Books 16 and 17 Summary and Analysis

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Last Updated on April 28, 2022, by eNotes Editorial. Word Count: 936

Patroclus brings the grim news that he has heard from Nestor to Achilles, begging him to put aside his pride and fight to save the Achaians. Failing that, he asks to be allowed to borrow Achilles’s armor and take the Myrmidon army into battle. Achilles is not ready to forgive...

(The entire section contains 936 words.)

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Patroclus brings the grim news that he has heard from Nestor to Achilles, begging him to put aside his pride and fight to save the Achaians. Failing that, he asks to be allowed to borrow Achilles’s armor and take the Myrmidon army into battle. Achilles is not ready to forgive Agamemnon but agrees to send Patroclus in his armor. He instructs Patroclus to come back after driving the Trojans from the ships, lest Achilles should lose the glory of sacking Troy himself, or a god should come against Patroclus and bring him down.

Meanwhile, the Trojans have succeeded in torching one of the Achaian ships, as Ajax could no longer defend it. Achilles sees the fire and hurries Patroclus on his way, offering libations to Zeus. When the Trojans see Patroclus and the Myrmidon army approaching, they are terrified. Fully believing that Achilles has given up his anger and is leading the force of fresh warriors, they begin to retreat. Patroclus presses in and kills many Trojans, including Sarpedon, son of Zeus.

After forcing back the Trojans, Patroclus fails to heed Achilles’s instructions and instead presses on in pursuit. As Patroclus and his men are on the brink of taking the city, Apollo steps in and forces him back from the wall. Later, Apollo comes at Patroclus from behind, striking a heavy blow and knocking off his helmet. A Trojan then wounds Patroclus, who attempts to retreat into the Achaian forces. However, when Hector sees him escaping, he rushes in and mortally wounds him with a spear to his stomach. As Hector takes the glory for killing such a great warrior, Patroclus tells him that he has not been killed by mortal hands, but by cruel fate. His last words predict the fast approaching death of Hector at the hand of Achilles.

When Menelaus sees that Patroclus has been killed, he stands over the body to keep the Trojans from taking the armor. However, he cannot hold back the Trojans by himself, and when he retreats Hector moves in and takes the armor from the body. Menelaus returns to the body with Ajax, and a bitter fight breaks out over the corpse. Apollo urges on the Trojans, and Athena assists the Achaians as both sides attempt to carry the body from the field. When Achilles’s horses learn that their charioteer has been killed by Hector, they begin to weep. Automedon drives them into the battle, and Hector, seeing that they are driven by a poor charioteer, unsuccessfully attempts to take them. Patroclus’s body is eventually won by the Achaians and taken back to the camp for proper burial, though the general fighting rages on.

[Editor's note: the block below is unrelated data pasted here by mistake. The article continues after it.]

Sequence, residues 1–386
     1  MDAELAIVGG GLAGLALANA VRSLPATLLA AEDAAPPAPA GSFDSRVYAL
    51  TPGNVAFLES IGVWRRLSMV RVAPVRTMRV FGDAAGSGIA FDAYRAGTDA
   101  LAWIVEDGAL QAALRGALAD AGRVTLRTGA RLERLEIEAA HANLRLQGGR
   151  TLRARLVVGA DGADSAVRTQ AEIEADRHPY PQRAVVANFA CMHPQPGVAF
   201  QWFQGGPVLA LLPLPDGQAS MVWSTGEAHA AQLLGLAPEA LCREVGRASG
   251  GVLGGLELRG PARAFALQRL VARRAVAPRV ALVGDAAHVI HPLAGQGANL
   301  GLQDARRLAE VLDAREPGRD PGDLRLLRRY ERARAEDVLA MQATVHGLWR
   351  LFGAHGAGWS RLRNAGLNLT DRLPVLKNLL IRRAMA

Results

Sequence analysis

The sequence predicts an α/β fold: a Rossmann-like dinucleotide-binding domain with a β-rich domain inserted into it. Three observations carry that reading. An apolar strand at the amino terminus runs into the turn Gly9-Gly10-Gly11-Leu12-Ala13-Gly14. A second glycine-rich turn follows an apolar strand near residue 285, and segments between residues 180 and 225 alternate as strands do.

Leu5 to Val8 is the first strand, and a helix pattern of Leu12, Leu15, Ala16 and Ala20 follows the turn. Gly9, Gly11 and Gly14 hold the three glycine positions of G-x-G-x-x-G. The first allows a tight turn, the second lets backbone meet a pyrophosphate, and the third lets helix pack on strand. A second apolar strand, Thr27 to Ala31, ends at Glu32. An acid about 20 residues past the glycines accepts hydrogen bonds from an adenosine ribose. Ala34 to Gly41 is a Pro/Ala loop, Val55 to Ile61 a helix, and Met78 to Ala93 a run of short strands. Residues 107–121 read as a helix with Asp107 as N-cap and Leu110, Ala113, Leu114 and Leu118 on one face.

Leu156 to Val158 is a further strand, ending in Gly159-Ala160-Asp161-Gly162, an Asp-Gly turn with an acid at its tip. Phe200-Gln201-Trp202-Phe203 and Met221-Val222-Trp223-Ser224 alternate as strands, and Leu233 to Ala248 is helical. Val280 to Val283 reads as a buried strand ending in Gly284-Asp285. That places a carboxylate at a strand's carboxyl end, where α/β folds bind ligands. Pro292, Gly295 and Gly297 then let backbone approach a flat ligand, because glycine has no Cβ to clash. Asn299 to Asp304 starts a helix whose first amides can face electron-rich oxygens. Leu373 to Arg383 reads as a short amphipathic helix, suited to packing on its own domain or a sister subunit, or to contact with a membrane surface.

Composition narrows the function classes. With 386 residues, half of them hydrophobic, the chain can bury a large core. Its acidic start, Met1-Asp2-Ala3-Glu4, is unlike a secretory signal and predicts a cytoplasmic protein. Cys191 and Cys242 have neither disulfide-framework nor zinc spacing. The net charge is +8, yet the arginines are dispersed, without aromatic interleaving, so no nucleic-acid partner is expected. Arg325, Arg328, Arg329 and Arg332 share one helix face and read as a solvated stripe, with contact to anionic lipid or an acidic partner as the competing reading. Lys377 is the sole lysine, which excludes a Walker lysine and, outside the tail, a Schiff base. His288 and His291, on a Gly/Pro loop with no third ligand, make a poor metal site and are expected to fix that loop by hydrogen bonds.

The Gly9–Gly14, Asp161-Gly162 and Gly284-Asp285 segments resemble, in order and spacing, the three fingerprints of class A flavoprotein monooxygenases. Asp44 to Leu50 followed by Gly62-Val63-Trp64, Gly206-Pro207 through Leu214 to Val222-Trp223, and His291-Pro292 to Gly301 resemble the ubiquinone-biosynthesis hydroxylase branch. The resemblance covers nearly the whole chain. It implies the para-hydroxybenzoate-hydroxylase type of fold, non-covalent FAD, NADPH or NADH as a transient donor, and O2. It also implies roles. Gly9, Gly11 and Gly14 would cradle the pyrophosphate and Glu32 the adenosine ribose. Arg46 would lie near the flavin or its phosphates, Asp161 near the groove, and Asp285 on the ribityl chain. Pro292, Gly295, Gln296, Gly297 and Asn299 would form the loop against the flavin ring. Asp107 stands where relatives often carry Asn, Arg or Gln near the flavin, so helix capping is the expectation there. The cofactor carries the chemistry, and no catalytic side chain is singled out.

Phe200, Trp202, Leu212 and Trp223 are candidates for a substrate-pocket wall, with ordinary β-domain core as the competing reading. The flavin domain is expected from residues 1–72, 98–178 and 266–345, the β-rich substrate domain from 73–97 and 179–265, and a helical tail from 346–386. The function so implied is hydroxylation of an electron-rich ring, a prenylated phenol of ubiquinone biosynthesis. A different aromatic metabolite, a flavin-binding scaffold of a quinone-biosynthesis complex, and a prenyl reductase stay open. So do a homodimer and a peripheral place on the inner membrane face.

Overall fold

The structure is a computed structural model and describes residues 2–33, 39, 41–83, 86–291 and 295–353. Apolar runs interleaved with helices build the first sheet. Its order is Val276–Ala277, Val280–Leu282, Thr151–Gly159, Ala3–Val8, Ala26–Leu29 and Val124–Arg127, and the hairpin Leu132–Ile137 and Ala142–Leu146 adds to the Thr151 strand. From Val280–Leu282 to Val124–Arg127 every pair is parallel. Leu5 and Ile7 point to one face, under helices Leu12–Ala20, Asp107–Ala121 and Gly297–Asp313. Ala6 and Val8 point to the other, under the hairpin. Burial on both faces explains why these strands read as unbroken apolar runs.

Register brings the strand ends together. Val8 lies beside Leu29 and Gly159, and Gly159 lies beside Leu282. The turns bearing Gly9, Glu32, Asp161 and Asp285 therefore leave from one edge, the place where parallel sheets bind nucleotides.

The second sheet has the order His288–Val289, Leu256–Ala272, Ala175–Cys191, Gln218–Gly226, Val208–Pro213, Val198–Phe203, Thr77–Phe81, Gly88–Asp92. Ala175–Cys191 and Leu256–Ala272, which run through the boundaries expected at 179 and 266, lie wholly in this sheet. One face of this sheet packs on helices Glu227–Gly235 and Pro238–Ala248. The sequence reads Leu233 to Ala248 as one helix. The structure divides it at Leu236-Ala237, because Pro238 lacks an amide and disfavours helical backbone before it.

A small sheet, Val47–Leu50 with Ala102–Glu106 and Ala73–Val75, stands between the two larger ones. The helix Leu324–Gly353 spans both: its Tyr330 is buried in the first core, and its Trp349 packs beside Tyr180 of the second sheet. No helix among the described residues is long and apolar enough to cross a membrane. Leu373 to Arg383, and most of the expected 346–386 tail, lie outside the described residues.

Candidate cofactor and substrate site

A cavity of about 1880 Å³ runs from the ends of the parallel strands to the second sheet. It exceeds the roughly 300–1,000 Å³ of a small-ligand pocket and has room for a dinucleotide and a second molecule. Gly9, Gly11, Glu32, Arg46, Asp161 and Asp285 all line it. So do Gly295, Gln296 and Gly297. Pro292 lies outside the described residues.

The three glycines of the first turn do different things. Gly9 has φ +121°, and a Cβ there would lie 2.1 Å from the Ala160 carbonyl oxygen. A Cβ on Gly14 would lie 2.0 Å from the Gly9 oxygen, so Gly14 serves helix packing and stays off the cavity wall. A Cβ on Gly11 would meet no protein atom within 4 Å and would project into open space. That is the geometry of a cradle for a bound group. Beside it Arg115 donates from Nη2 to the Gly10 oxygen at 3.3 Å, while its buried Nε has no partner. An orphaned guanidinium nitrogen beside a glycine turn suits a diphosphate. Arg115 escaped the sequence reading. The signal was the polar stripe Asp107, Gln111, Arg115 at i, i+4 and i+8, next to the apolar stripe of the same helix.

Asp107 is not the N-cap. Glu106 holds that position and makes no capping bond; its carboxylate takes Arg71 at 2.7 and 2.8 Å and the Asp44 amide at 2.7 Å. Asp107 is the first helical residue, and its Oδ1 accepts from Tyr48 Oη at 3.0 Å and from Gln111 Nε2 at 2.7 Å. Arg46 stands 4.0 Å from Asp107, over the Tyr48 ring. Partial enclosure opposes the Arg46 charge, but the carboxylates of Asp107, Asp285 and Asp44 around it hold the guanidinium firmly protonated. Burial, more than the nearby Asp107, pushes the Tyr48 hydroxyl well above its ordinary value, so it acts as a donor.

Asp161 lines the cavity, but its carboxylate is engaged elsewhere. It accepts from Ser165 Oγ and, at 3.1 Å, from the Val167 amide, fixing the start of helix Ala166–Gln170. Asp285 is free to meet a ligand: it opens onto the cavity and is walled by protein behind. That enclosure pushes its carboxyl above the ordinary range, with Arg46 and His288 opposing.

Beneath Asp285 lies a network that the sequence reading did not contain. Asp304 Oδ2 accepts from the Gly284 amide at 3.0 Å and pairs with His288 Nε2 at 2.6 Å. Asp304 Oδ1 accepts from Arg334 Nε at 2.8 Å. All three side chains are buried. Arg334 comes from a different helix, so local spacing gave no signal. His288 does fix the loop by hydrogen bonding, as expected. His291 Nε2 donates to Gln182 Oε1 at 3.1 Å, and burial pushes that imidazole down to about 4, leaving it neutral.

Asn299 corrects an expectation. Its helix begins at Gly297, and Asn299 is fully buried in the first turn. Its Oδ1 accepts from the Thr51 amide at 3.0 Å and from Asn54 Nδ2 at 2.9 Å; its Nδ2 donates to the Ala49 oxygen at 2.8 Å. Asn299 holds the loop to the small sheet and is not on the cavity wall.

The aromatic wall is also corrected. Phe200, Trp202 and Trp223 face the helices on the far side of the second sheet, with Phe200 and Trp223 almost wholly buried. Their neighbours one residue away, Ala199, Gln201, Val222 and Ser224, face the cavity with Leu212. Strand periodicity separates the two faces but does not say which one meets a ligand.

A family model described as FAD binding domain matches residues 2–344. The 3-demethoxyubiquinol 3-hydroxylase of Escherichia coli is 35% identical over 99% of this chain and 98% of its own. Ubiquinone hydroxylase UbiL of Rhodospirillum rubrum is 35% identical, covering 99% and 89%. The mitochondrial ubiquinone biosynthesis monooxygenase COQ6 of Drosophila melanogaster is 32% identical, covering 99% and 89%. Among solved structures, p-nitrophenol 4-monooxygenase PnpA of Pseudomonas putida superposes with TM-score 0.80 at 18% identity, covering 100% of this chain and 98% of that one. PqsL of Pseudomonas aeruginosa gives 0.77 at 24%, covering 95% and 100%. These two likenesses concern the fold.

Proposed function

Analysis

Achilles’s response to the plea of Patroclus is telling. Just as he sent Patroclus in his place to obtain news of the war from Nestor, he is ready to send Patroclus into battle where he should be going. In sending Patroclus to the battle in his armor, he sentences his companion to death. Achilles must have known that the Trojans would react strongly to the sight of his armor on the field. Indeed, the mere sight of what they assume to be Achilles turns the tables to the Achaian advantage. The decision represents a way out for Achilles. If he sends Patroclus, he can save his own ship, which is in danger of being torched by the Trojans, and he can help the Achaians, who are his friends. He can accomplish all of this without giving up an inch in his stubborn stance against Agamemnon. As if that were not bad enough, Achilles’s pride takes him a step further. While the Achaians have been far from home now for nine years as they attempt to sack Troy, Achilles cannot bear for anyone but himself to take the glory. He instructs Patroclus to quit fighting before the city is taken.

Patroclus is a strong warrior, and he performs very bravely on the field. However, he is not the match of the man who should have been there. Patroclus is ultimately killed, and his death is a direct result of Achilles’s foolish pride. The death of Patroclus is one of a series of tragic events caused by Achilles that will lead directly to the death of Hector, which is predicted by Patroclus in his final words, and the death of Achilles himself.

The vicious fighting for the body of Patroclus underscores the importance of proper burial and especially the burial of a warrior hero. While many have died on the battlefield, only a few of the very bravest warriors receive the treatment given to Patroclus. Earlier, the epic tells of a break in the fighting to burn the bodies of many dead. Patroclus, however, will receive elaborate individual attention. The fighting over the body may also be heightened by the Achaians’ awareness of the warrior’s tie to Achilles. They must realize that such a death will not be taken lightly by the great hero. The responsibility of man to man here does not end with death. Each man trusts his friends to also provide proper burial for his body and thus usher him safely into the underworld. In order to do this, the body must be retrieved.

The response of Achilles’s horses to the death of Patroclus is a vivid example of personification. Homer imbues the horses with the very human emotions of grief and sadness. Their reaction is similar to the reaction you would expect to see from a close friend. The effect is to powerfully underscore the loss of a great man.

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Book 18 Summary and Analysis